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Smart Motorways - the facts

The recent BBC Panorama program found that the number of near misses on one section of the M25 where the hard shoulder had been removed increased 20-fold, and uncovered evidence of 38 fatalities on smart motorways in the last five years. So, what are the facts?

Are smart motorways safe?

Motorways in general are the safest type of road in the UK. In 2018, they carried 21 per cent of all traffic but accounted for just six per cent of fatalities and five per cent of all casualties.

Overall, between 2014 and 2018 there were 503 deaths on UK motorways. The Panorama investigation found that 38 of these were on smart motorways, amounting to seven per cent of fatalities while smart motorways now account for around 17 per cent of the motorway network. Also, it is worth considering that smart motorways are generally located at the busiest sections of motorway so therefore carry a higher proportion of traffic than the mileage percentage.

Highways England says that since opening, across nine ‘all lane running’ schemes the casualty rate has reduced by 28 per cent. And according to its assessment of the design for the latest generation of smart motorways, it estimates an 18 per cent reduction in risk compared to a conventional motorway.

However, those figures don’t cover existing “dynamic” hard shoulder motorways where the hard shoulder is only used as a live lane some of the time and which make up around 100 miles of smart motorway. The Government is poised to scrap further roll-out of these because of concerns over their safety.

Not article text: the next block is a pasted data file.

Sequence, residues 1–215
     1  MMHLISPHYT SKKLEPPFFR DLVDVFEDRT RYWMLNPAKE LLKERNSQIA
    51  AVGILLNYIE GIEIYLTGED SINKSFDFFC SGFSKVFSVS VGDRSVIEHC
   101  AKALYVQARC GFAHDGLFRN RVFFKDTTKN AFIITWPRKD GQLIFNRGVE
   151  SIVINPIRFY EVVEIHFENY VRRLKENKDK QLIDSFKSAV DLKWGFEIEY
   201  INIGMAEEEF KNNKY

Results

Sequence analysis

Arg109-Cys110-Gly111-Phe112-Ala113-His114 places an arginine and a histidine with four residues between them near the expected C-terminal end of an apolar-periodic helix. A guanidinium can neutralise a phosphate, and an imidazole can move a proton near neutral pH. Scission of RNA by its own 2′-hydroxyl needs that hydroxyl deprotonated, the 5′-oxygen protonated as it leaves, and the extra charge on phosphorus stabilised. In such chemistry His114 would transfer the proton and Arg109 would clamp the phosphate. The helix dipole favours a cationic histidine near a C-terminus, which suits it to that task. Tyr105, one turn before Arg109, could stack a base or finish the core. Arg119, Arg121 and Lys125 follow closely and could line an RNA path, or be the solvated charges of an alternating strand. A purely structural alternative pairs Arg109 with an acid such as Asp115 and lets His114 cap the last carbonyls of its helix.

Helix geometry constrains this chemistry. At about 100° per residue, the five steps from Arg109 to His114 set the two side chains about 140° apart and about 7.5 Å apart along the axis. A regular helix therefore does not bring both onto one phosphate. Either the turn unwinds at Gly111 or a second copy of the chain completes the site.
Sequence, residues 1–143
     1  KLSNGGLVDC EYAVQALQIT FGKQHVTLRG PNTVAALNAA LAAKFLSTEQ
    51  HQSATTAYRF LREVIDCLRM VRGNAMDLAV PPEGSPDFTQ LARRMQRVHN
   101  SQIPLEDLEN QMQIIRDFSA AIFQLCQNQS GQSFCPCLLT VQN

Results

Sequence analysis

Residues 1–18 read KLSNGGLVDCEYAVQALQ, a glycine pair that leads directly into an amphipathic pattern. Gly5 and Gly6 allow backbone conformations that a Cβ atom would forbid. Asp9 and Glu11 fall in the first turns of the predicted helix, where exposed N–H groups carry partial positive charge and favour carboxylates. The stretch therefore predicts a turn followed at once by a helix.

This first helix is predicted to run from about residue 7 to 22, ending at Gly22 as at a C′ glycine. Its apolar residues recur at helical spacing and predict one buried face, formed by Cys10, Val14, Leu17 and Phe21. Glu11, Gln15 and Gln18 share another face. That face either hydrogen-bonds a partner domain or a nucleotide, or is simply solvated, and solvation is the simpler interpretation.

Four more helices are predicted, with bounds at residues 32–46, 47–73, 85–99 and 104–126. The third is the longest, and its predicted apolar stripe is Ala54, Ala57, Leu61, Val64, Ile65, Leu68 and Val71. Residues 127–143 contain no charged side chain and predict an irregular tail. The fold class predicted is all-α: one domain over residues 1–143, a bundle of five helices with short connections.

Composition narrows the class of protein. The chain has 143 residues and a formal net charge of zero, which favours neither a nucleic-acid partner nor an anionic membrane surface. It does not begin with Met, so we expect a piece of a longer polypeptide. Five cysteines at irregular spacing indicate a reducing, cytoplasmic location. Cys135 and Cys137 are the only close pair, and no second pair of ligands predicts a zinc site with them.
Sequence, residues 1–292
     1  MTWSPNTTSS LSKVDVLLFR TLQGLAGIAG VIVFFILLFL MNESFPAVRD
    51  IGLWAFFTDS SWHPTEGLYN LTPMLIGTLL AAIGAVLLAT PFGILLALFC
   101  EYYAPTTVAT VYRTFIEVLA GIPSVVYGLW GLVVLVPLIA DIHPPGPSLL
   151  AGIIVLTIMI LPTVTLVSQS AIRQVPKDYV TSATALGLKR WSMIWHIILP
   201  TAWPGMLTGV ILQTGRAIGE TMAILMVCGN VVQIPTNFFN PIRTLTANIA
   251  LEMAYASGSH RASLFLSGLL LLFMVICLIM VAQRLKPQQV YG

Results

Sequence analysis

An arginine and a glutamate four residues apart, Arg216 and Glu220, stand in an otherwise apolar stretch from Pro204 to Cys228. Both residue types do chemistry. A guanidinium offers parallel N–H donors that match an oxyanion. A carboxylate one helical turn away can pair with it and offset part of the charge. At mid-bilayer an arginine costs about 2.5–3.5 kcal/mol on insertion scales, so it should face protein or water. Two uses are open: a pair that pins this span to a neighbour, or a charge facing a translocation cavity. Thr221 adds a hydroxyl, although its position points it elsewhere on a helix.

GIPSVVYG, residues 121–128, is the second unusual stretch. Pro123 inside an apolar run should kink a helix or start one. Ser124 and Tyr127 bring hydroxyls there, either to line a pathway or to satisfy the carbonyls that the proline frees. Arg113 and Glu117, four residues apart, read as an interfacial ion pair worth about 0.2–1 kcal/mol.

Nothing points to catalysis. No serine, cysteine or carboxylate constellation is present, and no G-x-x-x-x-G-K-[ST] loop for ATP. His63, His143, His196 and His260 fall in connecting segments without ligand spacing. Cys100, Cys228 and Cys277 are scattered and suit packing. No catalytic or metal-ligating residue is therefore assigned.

Live lane breakdowns

Figures revealed by the All Party Parliamentary Group (APPG) for Roadside Rescue and Recovery also show that breakdowns in live lanes on all lane running motorways occur nearly twice as frequently (38 per cent vs 20.43 per cent) as on normal motorways, increasing the risk of a collision.

When a breakdown is detected overhead signs warn approach drivers the lane is blocked but this requires a human operator or automated system to spot the breakdown, something the AA says can take up to 17 minutes.

The APPG warns that given the average response time to a live lane breakdown is a further 17 minutes and there is no hard shoulder, drivers on smart motorways are more exposed to the risk of collision than those on conventional motorways. Highways England argues that more than 100 people are killed or injured while stopped on the hard shoulder every year and smart motorways “eliminate this risk”.

Detection problems

Highways England’s broader estimates of safety improvements also rely on vehicle detection systems being installed and working properly, something exposed as problematic by both the Panorama investigation and the AA.

The APPG has pointed out that the stopped vehicle radar detection system which Highways England said would be rolled out to the whole network currently only covers 25 miles of the 400-mile network. Highways England’s own chief executive, Jim O’Sullivan, has admitted that, had this technology been more widely in place, lives may have been saved.

Data also shows that on roads where automated systems aren’t in operation it takes an average of 17 minutes for a stranded vehicle to be recovered.

The Panorama investigation also found evidence of one detection camera which had been out of service for almost a year.

Stopped vehicle detection systems are in operation on the M25 but have yet to be installed elsewhere

Distance between refuge areas

Those who want changes to the smart motorway roll-out also argue that the distance between emergency lay-bys needs to be reduced. They say that reducing the gaps between emergency refuge areas (ERA) would give drivers a better chance to get out of the live lane and avoiding a collision.

Original trials had ERAs spaced around 600 metres apart but later stretches of road have gaps of up to 2.5km. The APPG argues that given there are more live lane breakdowns on smart motorways, increasing the number of ERAs would reduce the number of drivers exposed to breaking down in a live lane.

The AA and RAC have also repeatedly called for less space between ERA, arguing that the current distances leave drivers at risk.